spoken or written, or by signs or by visible representations or
otherwise, insults or attempts to insult the religion or the religious
beliefs of that class, shall be punished with imprisonment of either
description for a term which may extend to three years, or with fine, or
with both.

Section 114 is about abetment and presence when any crime is being

As a close reading of these sections would suggest, the problem lies not
only with the act, but also with the idea of intention.

The problem is, Chandramohan's lawyers can at best argue that his
actions are not evidence of his intentions. However, an artist is such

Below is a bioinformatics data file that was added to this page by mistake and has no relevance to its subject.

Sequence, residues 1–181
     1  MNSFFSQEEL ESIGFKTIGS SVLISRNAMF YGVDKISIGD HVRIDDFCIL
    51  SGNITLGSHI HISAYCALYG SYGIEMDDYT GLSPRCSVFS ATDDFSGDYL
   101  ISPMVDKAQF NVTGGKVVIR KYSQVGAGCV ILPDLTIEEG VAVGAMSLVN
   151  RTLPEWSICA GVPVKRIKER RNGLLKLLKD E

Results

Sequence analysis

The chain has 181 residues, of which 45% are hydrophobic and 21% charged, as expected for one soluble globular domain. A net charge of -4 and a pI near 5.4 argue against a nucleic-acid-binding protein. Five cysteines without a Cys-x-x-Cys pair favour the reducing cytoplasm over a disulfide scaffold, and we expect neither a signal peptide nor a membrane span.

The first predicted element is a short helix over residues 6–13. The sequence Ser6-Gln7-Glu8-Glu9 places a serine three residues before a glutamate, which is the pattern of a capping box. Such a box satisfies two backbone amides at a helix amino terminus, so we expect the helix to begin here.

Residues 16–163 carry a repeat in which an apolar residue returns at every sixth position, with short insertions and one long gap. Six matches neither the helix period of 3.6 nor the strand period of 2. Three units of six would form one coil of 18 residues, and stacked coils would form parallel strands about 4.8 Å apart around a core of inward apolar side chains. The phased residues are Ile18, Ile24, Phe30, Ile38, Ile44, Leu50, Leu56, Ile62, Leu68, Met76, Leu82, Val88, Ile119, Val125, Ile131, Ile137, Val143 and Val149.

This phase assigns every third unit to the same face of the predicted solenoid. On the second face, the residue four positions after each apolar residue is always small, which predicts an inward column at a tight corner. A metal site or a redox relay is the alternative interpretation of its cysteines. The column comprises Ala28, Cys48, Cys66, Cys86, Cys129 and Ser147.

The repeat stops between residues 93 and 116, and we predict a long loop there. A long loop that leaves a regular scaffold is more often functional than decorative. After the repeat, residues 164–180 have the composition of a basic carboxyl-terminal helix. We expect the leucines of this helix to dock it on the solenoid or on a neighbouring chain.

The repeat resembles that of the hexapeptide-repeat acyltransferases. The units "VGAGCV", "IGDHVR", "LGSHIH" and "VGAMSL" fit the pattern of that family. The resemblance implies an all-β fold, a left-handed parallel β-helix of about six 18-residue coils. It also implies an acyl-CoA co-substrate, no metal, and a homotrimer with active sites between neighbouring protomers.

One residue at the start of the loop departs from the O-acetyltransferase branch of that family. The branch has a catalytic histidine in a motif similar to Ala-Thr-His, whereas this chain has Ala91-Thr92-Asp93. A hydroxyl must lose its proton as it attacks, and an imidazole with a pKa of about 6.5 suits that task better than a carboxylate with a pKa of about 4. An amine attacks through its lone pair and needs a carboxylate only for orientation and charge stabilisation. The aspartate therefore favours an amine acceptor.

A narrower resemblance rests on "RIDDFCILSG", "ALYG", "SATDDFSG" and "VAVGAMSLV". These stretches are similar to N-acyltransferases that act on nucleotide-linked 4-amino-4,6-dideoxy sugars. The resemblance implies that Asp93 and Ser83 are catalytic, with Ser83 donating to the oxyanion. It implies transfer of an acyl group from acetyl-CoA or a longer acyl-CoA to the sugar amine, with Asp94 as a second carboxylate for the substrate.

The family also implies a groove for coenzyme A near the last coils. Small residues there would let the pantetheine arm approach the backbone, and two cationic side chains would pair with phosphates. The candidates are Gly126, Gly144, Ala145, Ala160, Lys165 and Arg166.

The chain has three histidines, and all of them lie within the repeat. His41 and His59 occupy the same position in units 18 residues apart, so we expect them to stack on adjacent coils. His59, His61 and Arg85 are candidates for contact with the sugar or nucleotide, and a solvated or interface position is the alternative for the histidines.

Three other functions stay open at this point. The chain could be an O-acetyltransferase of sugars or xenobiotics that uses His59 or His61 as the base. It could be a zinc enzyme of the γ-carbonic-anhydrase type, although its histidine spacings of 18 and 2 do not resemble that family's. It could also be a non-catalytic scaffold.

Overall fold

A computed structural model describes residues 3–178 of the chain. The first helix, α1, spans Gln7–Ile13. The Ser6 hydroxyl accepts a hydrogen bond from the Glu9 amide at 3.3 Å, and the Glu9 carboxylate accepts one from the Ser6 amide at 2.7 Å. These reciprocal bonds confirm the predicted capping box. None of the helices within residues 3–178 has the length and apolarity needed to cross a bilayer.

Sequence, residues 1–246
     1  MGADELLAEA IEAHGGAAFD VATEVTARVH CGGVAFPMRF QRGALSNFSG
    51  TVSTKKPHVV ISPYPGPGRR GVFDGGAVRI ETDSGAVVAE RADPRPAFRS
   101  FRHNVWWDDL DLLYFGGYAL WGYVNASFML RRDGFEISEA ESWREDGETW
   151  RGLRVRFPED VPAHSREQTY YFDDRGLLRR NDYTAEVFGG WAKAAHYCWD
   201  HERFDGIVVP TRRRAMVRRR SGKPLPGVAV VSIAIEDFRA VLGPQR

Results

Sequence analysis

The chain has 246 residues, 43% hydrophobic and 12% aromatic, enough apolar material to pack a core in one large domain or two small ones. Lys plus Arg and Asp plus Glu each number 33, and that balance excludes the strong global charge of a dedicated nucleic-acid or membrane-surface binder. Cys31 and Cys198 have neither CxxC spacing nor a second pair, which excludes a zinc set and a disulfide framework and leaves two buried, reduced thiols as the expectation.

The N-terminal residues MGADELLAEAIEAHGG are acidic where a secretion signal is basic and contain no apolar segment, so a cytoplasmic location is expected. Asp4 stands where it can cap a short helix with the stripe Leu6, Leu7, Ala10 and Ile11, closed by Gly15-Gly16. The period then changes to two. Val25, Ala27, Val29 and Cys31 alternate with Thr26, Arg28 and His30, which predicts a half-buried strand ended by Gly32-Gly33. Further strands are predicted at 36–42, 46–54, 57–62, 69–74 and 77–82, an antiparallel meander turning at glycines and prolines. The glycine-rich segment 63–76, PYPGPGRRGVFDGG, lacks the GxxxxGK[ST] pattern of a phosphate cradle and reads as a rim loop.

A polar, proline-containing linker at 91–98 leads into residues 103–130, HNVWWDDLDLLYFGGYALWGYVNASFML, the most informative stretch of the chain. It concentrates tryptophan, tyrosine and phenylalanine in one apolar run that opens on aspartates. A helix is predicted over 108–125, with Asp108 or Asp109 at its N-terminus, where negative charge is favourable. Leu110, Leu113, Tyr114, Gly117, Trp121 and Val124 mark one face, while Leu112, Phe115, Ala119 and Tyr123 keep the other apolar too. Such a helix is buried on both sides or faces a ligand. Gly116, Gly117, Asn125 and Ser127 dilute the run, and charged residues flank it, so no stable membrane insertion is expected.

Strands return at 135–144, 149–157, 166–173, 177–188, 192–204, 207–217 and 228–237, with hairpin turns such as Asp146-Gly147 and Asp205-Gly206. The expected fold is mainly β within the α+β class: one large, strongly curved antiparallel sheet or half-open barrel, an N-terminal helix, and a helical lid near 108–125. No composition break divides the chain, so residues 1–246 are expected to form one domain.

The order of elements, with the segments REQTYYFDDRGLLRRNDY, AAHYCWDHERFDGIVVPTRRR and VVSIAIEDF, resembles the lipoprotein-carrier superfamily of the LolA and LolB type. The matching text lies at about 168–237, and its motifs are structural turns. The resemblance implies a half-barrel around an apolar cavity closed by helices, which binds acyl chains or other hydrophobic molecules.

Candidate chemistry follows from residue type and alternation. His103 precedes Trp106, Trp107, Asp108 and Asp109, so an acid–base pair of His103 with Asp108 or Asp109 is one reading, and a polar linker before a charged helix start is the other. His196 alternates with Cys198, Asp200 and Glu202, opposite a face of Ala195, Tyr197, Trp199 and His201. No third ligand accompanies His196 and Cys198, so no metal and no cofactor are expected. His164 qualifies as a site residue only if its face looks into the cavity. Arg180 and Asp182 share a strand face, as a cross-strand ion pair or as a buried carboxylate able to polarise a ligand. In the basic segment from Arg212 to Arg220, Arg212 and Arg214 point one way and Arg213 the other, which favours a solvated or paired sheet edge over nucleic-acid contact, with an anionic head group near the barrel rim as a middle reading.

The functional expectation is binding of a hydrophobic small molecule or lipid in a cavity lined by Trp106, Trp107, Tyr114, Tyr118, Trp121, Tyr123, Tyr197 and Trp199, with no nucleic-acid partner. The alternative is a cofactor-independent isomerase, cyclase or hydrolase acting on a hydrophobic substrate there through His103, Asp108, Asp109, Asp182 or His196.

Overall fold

only because his actions have deliberation. Thus, to save Chandramohan
the person from a prison sentence, his lawyers might have to jettison
Chandramohan's identity as an artist. Such an argument, given the
circumstances that the images in question were made for an exam of the
fine arts department, may be impossible, or at the very least, difficult
to sustain,

The reason that distinguishes between the scrawls made by a chimpanzee
and an abstract expressionist has to do with the idea of intention. To
protect Chandramohan's act as an instance of un0 malicious behavious, it
has to be freed from the matrix of artistic intention. We cannot really
quarrel about the purport of the intention, because the onus of proving
hurt, has to do not with the hurter, but with the hurtee.

Hurt, is a subjective feeling, and as long as the hurt say that they
feel their pain, we are in no position to debate whether their pain or